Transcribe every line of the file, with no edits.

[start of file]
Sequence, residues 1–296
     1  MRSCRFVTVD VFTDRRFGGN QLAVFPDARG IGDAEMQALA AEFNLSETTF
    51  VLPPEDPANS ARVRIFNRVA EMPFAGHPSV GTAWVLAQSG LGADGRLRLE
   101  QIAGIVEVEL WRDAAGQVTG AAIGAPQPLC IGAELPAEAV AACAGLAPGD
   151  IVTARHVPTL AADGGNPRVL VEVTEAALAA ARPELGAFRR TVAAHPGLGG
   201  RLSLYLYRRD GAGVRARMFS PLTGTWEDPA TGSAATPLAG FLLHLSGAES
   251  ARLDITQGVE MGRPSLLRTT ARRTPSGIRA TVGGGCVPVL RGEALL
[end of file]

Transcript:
Sequence, residues 1–296
     1  MRSCRFVTVD VFTDRRFGGN QLAVFPDARG IGDAEMQALA AEFNLSETTF
    51  VLPPEDPANS ARVRIFNRVA EMPFAGHPSV GTAWVLAQSG LGADGRLRLE
   101  QIAGIVEVEL WRDAAGQVTG AAIGAPQPLC IGAELPAEAV AACAGLAPGD
   151  IVTARHVPTL AADGGNPRVL VEVTEAALAA ARPELGAFRR TVAAHPGLGG
   201  RLSLYLYRRD GAGVRARMFS PLTGTWEDPA TGSAATPLAG FLLHLSGAES
   251  ARLDITQGVE MGRPSLLRTT ARRTPSGIRA TVGGGCVPVL RGEALL